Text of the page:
4. ericaramus

    May 16, 2012 at 4:57 pm

    Mitch — I realized the app was not as useful to me as I had hoped. Yes it worked as in it functioned. But after using it and demonstrating it to clients I also saw the app is not necessary for my business. Therefore I requested a refund. I’ve emailed now 5 times with zero response. When I contacted the VP of sales 8 days ago he replied I would have a refund. However, subsequent emails went unanswered. 
    UPDATE 5/16/12… it’s been 8 days now since the app VP of Sales promised me a refund. The app’s name is The Working Business Card. I would definitely not recommend this app to real estate professionals. And based on their poor customer service I’ll be letting everyone know that the refund I was promised never materialized. 

  5. Frugyl

    May 30, 2012 at 12:37 pm

    Early adoption is where it’s at! *squeal!*

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Tech News

This Zoom alternative offers a branded video meeting experience

(TECH NEWS) AirConnect is a conferencing portal that allows for company customization and automated onboarding so you can focus on other priorities.



video portal airconnect

The concepts of company culture and branding are now more important than they’ve ever been. When we were first hearing these terms, they felt like buzzwords and ways to attract new talent and business without any actual execution.

Now that we have an understanding of what they are and how to use them, they are so much more practical and necessary – from big businesses to a one-person Etsy shop.

It’s been a little different in the last few months trying to figure out how to make company culture exude in the virtual world. For places that are hiring, it is also tricky to show how they differ from the rest over a video conference call.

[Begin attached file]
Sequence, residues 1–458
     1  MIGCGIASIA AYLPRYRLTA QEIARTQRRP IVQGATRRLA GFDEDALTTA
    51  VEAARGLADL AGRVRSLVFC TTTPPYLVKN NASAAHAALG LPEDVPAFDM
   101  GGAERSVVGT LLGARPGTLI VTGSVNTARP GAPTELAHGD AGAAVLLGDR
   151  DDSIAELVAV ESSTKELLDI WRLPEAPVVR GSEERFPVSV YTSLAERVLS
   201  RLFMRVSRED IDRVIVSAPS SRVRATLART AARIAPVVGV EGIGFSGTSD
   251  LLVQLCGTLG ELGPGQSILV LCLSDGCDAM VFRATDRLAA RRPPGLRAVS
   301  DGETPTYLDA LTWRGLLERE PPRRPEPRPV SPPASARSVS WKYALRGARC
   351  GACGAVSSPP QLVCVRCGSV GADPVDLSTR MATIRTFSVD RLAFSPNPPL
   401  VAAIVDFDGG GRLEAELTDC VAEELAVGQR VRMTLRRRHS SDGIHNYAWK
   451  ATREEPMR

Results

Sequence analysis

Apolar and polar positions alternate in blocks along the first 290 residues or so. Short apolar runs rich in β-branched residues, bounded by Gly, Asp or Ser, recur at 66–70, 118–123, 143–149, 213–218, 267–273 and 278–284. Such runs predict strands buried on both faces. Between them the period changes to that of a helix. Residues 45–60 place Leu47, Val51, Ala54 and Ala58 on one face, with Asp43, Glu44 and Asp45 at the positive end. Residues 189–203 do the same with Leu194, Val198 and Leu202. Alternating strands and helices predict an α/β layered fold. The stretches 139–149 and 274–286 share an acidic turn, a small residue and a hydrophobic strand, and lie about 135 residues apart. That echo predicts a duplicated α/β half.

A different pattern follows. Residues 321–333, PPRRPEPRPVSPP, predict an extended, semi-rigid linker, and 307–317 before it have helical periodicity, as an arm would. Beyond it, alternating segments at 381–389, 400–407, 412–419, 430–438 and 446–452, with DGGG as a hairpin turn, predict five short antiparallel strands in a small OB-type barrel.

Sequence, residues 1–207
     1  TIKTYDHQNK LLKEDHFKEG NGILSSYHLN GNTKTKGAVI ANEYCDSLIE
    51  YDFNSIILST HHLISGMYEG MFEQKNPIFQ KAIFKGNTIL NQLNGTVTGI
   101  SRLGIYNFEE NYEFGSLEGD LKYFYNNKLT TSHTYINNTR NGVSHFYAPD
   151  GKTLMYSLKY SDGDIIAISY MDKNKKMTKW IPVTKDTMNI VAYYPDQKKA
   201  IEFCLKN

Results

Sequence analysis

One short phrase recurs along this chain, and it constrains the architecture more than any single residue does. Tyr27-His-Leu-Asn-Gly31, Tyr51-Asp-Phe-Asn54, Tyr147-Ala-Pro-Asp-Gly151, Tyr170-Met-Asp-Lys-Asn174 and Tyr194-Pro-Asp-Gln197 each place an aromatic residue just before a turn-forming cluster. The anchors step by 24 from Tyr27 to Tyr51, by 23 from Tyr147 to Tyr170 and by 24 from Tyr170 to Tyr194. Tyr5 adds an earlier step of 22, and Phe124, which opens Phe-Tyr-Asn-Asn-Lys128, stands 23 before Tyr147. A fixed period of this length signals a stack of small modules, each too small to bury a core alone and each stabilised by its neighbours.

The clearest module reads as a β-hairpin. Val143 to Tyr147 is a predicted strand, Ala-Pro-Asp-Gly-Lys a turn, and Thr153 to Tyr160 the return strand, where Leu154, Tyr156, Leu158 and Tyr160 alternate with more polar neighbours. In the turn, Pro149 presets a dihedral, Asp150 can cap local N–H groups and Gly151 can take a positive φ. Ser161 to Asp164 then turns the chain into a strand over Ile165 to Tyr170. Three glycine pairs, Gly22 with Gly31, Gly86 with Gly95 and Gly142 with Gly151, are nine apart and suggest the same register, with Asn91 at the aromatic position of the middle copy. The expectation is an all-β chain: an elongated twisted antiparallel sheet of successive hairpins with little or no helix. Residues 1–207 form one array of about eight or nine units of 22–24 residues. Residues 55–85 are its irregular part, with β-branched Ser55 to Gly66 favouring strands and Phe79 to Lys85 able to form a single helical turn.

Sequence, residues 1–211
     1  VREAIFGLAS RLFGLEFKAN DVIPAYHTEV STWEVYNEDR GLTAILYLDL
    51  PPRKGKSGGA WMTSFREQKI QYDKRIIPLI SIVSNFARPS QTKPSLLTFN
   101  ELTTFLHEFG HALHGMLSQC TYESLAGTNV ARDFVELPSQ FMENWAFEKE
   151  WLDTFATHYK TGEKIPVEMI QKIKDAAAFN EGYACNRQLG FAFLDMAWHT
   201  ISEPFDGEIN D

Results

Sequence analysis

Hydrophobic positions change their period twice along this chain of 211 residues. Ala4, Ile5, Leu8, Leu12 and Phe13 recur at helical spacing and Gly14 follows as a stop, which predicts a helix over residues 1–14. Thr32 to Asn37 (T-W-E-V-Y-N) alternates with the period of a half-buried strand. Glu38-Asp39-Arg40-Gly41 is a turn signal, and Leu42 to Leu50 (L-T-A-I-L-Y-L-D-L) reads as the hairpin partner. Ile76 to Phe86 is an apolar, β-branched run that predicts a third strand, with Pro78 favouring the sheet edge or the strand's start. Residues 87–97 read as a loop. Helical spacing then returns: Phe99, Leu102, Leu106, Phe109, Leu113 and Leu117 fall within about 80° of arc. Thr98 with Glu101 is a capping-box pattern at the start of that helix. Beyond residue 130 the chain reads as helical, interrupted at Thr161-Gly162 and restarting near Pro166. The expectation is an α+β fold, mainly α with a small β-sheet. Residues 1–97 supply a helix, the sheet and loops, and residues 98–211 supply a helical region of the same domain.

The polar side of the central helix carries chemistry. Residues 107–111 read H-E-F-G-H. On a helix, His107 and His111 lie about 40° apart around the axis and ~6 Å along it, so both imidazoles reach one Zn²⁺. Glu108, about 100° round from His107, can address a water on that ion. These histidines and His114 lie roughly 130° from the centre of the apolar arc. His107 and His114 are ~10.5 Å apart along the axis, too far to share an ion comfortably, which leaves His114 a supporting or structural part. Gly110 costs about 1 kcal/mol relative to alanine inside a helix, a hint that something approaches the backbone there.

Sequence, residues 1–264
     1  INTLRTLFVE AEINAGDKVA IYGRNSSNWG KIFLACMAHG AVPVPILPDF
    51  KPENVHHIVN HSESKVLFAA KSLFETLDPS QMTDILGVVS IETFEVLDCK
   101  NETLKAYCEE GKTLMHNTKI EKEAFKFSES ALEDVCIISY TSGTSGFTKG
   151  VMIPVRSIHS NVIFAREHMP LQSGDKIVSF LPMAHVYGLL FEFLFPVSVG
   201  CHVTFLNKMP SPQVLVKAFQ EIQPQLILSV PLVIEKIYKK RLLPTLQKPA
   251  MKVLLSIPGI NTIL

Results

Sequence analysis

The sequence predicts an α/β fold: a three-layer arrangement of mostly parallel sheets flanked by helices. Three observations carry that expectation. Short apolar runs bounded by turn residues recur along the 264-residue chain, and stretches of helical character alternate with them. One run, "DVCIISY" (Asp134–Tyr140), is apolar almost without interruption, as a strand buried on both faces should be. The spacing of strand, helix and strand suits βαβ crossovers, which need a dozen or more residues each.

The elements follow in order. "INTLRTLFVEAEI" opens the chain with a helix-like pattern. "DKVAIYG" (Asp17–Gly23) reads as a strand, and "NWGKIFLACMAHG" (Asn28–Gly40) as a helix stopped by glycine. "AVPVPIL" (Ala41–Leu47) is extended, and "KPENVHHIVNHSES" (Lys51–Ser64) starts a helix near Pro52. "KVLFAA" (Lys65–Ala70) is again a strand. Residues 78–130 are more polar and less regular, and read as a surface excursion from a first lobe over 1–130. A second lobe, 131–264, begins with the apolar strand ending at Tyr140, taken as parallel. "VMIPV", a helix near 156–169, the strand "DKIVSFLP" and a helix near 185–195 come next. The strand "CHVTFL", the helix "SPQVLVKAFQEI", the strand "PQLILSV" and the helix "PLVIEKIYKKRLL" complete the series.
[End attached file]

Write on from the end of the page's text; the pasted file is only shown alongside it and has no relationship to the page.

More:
The creators of AirConnect have taken this into account and have unleashed the virtual conference concept with an element of customization. As they say, “nothing beats a personal touch”.

Through use of this video conferencing tool, you can meet virtually with customers and clients in a brand video meeting portal. Customization options include headers, logo placement, and colors.

Additionally, the tool allows for customers to access their data via a customer portal, which allows for some automation when onboarding clients, assisting customers, or meeting with partners. AirConnect urges users to “say goodbye to Zoom links”.

“Let’s face it, nobody likes the where’s-the-link, what’s-the-password, can-you-hear-me-yet: and that includes your customers. Say hello to a single place where they can meet with you, as well as seeing all their account information, resources and anything else you like. Ah, that’s better, isn’t it?” explains the website.

The fully featured customer portal allows users to go beyond the simple zone of a place to talk. The ability to connect to sheets is where customers can access the aforementioned data.

The video call feature in the branded portal offers as many video touchpoints as the user would like; whether it’s used for on-boarding or standard consultations. The fact that customers can access their own data anytime allows users to put their time towards the high-value touchpoints.

On-boarding processes can also be automated by capturing customers’ information and documents in a single portal, making activation simple.

This certainly differentiates from Zoom or Skype as it has the customization option. What do you think – is it useful or flashy for the sake of flash?

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Tech News

Google Messages adds features to catch up to iMessage